Researchers are likely to learn much more about the biology of AD by investigating the common links among pathologies implicated in AD rather than studying those pathologies in isolation.
Four biologies ripe for investigating these common links in AD are βAP/amyloid pathology, tau/neurofibrillary tangle pathology, vascular/metabolic dysregulation, and innate immune dysregulation/neuroinflammation. Just a few of the many known intersection points for these biologies are mentioned here.
Putting all the biological puzzle pieces together will take time. Unfortunately, the AD epidemic facing the aging baby boomer generation is fast approaching with no time to spare.
In the absence of an integrated understanding of how AD develops and what treatments may work best at different disease stages, it is important, like in other complex diseases, to consider strategies such as combination therapy sooner than we might traditionally pursue these.
Apart from the many βAP-focused treatments in later stage clinical development for AD, TRx-0237 is a tau-focused compound in development.
A large number of tau-directed monoclonal antibodies are also in preclinical development. Agents having a vascular/metabolic disease focus include intranasal insulin, the PPARγ agonist pioglitazone, and the calcium channel blocker nilvadipine.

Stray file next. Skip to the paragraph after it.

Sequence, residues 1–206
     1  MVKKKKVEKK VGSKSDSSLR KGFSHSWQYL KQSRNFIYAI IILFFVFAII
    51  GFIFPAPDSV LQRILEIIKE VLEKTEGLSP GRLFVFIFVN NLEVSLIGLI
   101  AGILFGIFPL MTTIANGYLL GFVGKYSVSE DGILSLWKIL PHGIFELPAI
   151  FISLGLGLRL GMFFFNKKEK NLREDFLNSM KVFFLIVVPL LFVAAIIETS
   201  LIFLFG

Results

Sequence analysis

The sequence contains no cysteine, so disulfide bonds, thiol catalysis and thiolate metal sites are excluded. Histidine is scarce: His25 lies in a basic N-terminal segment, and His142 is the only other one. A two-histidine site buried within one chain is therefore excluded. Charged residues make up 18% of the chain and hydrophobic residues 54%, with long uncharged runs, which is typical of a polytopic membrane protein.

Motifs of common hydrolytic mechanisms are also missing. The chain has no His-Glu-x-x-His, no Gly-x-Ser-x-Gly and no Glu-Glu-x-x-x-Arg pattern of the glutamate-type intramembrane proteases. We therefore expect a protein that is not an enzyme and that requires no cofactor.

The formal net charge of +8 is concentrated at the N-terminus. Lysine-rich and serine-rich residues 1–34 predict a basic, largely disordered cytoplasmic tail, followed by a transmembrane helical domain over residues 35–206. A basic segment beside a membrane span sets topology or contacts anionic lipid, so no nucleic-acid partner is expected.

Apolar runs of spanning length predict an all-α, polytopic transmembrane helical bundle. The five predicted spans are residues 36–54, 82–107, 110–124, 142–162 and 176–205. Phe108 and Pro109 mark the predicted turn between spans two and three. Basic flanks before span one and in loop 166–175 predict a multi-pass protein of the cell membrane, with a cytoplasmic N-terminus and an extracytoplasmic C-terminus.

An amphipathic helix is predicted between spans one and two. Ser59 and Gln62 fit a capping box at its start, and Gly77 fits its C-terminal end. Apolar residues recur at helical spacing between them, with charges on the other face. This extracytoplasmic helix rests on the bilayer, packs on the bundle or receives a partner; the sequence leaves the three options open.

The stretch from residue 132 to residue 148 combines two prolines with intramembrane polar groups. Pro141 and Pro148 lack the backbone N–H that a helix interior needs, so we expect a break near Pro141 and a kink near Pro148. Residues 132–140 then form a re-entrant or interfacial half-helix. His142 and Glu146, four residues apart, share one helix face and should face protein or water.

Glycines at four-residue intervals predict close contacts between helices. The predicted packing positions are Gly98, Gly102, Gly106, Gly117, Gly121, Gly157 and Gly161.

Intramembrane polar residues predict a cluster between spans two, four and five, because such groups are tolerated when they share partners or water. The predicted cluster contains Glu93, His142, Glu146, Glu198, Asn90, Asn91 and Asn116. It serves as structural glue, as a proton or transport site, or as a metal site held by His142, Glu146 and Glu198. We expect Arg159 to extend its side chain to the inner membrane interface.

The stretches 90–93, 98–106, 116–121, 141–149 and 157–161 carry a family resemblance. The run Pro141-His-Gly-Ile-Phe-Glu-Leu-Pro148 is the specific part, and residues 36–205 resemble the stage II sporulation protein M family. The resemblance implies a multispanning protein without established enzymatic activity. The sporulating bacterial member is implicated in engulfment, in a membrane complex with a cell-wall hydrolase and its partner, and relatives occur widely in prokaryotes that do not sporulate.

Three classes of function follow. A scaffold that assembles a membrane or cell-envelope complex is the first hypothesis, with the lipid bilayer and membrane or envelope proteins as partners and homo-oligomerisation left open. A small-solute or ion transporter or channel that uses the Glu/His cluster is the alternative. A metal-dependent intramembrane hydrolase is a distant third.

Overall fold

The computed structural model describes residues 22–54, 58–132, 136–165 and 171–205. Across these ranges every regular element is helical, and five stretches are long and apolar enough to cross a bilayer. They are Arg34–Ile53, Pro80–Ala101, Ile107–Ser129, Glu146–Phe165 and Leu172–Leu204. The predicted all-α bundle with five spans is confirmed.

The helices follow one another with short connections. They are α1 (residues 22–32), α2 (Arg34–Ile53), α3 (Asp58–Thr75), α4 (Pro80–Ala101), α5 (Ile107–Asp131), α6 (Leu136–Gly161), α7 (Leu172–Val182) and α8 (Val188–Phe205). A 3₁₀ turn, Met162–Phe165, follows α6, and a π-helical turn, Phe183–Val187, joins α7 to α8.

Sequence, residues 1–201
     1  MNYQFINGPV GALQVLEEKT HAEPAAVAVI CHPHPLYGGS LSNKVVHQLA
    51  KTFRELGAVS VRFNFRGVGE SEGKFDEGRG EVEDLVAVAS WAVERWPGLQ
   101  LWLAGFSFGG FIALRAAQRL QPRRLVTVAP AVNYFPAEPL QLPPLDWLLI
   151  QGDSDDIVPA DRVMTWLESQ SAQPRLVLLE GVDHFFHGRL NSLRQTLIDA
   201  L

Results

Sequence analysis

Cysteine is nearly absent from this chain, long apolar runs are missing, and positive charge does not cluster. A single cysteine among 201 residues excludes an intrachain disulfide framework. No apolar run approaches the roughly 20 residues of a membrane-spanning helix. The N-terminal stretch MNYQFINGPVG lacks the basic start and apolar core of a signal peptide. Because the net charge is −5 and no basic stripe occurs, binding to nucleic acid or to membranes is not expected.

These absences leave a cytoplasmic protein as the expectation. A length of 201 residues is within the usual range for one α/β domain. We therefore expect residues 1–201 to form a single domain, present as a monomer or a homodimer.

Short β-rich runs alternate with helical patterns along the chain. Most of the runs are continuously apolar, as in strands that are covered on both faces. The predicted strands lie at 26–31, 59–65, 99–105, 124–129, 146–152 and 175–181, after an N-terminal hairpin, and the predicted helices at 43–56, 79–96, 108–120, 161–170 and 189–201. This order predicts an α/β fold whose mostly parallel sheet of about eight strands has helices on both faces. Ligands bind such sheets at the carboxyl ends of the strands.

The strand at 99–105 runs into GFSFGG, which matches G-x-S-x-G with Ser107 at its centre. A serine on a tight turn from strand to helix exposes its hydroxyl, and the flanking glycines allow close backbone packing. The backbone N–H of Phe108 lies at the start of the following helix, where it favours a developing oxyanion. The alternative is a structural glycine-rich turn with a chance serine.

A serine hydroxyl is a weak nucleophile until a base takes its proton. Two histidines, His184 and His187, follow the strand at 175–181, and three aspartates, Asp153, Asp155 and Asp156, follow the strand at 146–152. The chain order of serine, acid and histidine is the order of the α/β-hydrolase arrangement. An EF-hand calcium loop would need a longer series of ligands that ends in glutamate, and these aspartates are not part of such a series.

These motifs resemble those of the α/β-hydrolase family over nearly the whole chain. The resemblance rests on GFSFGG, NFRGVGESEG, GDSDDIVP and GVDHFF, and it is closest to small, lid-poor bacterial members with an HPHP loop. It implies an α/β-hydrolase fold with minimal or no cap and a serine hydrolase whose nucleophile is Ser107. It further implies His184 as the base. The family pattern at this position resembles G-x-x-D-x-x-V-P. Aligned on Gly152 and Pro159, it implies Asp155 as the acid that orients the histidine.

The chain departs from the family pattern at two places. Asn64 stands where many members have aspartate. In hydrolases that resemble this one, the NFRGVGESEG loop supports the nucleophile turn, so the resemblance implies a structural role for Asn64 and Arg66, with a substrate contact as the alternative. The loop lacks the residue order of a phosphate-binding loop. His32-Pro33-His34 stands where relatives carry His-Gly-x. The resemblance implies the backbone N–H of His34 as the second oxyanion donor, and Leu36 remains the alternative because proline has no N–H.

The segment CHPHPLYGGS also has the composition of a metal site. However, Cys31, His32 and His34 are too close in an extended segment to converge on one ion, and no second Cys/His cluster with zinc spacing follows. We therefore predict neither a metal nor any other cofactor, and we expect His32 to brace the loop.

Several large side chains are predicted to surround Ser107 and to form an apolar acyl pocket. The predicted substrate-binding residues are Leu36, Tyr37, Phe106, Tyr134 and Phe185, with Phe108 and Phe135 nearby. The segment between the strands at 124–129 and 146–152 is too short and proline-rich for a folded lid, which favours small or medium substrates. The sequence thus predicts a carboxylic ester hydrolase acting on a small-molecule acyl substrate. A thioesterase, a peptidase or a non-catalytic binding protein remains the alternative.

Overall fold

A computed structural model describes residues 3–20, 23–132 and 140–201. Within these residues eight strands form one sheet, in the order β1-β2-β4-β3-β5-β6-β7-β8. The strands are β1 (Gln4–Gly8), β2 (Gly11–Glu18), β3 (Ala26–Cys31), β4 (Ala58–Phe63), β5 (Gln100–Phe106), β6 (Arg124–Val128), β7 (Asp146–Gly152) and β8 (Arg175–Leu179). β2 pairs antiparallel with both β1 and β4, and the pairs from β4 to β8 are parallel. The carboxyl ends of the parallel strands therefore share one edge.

Treatments targeting the immune system include intravenous immunoglobulin and the RAGE antagonist TTP-488.
These agents and others that are more comprehensively reviewed elsewhere, together with symptomatic approaches such as the 5HT6 antagonist idalopirdine – an investigational compound designed to improve neurocognitive function – are possible contenders for combinations.
To make combination therapy in AD a reality, it will – to borrow a phrase – “take a village” to make it happen.
Leaders from industry, the Food and Drug Administration (FDA), the National Institutes of Health (NIH), academia, and patient groups will need to come together to enable funding, trial design, and solve a host of complex issues associated with delivering combination therapy.
But there is hope. Such public-private partnerships like the Global Alzheimer’s Platform and others have already begun to take up this important challenge.